James Harvey Hildreth, who died in Mt. Pulaski township in 1858, underwent such an amount of suffering, during this sudden change, that, in after years, he rarely ever cared to refer to it. He came to this country in 1833, and was engaged in cattle trading. At this time, he was a stout and rugged young man, of about twenty-four years of age. In December of 1836, he, in company with a young man, by the name of Frame, started, on horseback, for Chicago. On the day of the sudden freeze, they had entered the border of a large prairie, in the northern part of the state, and the next timber was many miles distant. It had rained all morning, and the earth was covered with water. They encountered a slough, containing so much water, they did not like to attempt passing through it. In order to head the slough, they rode some miles in a northeasterly direction, and having crossed it, turned northwest, to regain their course. That was about the middle of the afternoon. It suddenly ceased raining and the cold wave came, in all its fury, from the northwest, striking them square in the face. They were then out of sight of any human habitation, and their horses became absolutely unmanageable. They drifted with the wind or across it, until dark closed in upon them. The cold becoming intenser, death seemed to be imminent. As a last resort, they decided to kill their horses, take out the entrails and crawl into the carcass, as a protection against the cold. They dismounted, killed Frame's horse first, disemboweled it and both crawled into the carcass, as far as they could, and remained there until midnight. The animal heat, by this time, having been dissipated, they crawled out, with the intention of slaughtering Hildreth's horse. In some way, however, they lost the only knife they had, and could not find it in the darkness. They then huddled about the living horse, until about four o'clock in the morning. By that time Frame had become so benumbed by the cold, that he sank to sleep and while in this stupor, froze to death.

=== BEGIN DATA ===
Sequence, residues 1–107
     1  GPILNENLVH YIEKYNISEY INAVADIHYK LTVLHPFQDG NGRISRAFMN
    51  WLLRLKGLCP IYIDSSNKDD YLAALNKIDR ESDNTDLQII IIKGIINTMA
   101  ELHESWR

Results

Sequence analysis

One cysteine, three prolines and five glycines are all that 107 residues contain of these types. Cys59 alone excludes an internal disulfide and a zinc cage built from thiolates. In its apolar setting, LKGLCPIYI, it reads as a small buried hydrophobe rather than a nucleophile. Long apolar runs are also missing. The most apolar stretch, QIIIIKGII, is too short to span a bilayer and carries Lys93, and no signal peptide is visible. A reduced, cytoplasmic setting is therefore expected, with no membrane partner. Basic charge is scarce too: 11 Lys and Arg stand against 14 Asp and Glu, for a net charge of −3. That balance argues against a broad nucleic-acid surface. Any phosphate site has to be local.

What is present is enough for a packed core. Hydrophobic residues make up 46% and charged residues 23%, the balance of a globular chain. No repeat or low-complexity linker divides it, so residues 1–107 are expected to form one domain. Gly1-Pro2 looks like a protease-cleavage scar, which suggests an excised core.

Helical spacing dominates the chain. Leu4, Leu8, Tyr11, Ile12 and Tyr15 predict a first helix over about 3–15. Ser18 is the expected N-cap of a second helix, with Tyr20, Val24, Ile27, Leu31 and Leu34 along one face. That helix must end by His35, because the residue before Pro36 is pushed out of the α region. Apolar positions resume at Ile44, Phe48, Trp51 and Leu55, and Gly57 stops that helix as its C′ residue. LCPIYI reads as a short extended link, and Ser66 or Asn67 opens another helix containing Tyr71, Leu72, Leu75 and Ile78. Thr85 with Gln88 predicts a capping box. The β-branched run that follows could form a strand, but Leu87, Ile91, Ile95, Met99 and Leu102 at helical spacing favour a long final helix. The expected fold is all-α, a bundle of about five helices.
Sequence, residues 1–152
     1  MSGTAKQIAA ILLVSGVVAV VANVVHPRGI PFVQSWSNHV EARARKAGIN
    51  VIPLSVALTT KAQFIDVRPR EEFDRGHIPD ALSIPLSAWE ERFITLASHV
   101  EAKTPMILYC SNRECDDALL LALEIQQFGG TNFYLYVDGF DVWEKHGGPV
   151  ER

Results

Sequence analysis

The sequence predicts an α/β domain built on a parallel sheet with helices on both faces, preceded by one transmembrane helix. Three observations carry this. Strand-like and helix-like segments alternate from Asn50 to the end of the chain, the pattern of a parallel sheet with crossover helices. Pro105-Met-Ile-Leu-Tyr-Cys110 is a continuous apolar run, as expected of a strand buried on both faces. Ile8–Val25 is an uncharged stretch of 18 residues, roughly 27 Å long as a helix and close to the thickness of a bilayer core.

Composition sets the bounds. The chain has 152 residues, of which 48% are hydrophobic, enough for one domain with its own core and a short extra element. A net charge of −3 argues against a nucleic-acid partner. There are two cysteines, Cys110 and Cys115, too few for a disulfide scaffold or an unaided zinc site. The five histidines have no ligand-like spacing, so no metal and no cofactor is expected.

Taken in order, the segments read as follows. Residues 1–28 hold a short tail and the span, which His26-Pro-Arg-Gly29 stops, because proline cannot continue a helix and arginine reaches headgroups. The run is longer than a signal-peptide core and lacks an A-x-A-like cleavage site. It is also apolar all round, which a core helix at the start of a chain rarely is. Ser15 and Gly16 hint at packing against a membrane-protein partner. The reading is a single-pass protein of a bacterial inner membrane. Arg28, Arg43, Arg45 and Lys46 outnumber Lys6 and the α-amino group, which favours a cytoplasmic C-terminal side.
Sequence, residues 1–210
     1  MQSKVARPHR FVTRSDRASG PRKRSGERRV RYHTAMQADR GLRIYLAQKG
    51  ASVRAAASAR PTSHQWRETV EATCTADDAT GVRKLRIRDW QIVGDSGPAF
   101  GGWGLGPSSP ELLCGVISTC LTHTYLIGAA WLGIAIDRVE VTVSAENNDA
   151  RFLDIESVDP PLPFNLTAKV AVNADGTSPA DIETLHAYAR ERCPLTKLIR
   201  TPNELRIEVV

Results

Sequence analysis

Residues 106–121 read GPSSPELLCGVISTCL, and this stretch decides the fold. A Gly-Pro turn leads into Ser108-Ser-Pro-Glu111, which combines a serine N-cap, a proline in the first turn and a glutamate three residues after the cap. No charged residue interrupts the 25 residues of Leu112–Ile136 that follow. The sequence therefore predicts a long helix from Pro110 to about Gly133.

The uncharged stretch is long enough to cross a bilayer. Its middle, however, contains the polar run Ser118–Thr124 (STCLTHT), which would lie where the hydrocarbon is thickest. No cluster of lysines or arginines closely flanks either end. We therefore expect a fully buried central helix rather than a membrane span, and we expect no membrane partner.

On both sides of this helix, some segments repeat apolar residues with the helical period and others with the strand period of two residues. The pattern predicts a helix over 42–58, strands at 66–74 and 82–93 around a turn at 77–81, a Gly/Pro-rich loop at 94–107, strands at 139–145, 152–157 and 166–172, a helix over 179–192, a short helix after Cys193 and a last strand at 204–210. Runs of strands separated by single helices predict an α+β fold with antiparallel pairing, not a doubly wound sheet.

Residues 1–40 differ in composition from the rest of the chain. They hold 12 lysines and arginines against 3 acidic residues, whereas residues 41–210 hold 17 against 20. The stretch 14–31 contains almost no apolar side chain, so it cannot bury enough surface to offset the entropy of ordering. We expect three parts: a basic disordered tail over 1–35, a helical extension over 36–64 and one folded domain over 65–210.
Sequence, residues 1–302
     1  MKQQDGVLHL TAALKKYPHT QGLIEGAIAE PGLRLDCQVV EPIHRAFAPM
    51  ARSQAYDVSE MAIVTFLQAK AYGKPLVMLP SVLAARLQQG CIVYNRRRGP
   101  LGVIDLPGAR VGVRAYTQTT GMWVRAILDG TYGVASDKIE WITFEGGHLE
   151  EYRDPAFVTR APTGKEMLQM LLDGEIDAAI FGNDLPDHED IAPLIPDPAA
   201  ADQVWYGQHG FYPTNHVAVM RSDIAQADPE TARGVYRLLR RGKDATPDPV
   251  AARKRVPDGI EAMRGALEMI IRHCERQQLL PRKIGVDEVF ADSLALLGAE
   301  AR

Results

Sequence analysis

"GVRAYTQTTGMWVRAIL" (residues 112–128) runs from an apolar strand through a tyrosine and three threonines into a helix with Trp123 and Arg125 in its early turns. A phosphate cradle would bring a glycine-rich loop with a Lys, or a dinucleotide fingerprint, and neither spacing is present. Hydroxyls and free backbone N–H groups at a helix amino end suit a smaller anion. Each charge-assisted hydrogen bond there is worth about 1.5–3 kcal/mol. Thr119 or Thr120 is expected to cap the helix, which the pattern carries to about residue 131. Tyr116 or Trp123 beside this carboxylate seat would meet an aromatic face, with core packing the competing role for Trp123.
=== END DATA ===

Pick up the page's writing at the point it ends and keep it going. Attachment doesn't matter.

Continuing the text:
Mr. Hildreth, in the meantime, kept from freezing, by jumping about. As soon as it was daylight, he mounted his horse and started in search of shelter. In mounting, he dropped his hat, but was afraid to dismount and get it, for fear he would not have strength to mount again. Bareheaded, he rode about, until he reached the bank of a stream, supposed to be the Vermillion River. Seeing a house on the opposite shore, he made an outcry, which brought the occupant out. This did him little good, for the occupant, whose name turned out to be Benjamin Russ, was one of those inhuman outlaws, who were occasionally to be met with in the timber. Russ yelled to Hildreth, that he could not do anything for him. A canoe was lying tied to the opposite shore, but he affected to be afraid of the running ice. Hildreth then offered him a large sum, if he would cut a tree and let it fall over the stream, so that he could cross. Russ still refused and directed Hildreth to a grove, which he said was a mile distant, where he would find a house. He went, but it was five miles, and the house proved to be a deserted cabin. He then returned to Russ' house and called for help and was again refused. He then dismounted, crawled to the bank, found that the ice had closed, and was strong enough to bear him and crawled over. Arriving at the fence, the brutal owner of the place refused to help him. Hildreth tumbled over the fence, crawled to the bank and laid down near the fire. He was allowed to lie there, until four o'clock that afternoon, but no assistance was given him, either by Russ or his wife. Finally, some hog drovers came along and moved him to another house, where he was properly cared for. Afterwards, the settlers of the neighborhood, hearing of the inhumanity of Russ, decided to mete out severe punishment but Russ and his wife fled the country. Mr. Hildreth always expressed the belief, that his offering to pay liberally, for cutting down a tree across the river, led them to think that he had a large sum of money, and that, if, by their neglect, he perished, they could obtain it. Mr. Hildreth was conveyed back to the house of his brother in Vermillion County, where all his toes were amputated from both feet and the bones of all his fingers, except one joint of the thumb, on his right hand, which enabled him to hold a pen or drover's whip. His left foot never healed entirely and nearly twenty-two years after his misfortune his leg had to be amputated below the knee. This healed, but his lungs, already diseased, caused his death as before stated.